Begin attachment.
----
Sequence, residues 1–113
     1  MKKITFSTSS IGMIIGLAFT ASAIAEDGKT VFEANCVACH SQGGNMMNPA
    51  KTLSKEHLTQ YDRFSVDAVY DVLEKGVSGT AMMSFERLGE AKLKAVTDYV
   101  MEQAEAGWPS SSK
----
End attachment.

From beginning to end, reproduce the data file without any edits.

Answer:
Sequence, residues 1–113
     1  MKKITFSTSS IGMIIGLAFT ASAIAEDGKT VFEANCVACH SQGGNMMNPA
    51  KTLSKEHLTQ YDRFSVDAVY DVLEKGVSGT AMMSFERLGE AKLKAVTDYV
   101  MEQAEAGWPS SSK